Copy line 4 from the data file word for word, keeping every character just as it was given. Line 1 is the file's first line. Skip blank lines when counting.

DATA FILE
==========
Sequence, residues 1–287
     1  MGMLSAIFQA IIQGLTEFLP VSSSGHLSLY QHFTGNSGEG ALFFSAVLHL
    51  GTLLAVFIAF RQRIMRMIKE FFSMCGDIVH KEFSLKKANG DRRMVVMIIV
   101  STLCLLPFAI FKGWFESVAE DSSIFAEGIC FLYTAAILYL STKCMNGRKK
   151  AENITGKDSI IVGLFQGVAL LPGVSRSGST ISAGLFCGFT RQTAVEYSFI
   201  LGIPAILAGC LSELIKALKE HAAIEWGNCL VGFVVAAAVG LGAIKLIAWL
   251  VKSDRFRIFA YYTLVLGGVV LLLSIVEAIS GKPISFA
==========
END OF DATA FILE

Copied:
   101  STLCLLPFAI FKGWFESVAE DSSIFAEGIC FLYTAAILYL STKCMNGRKK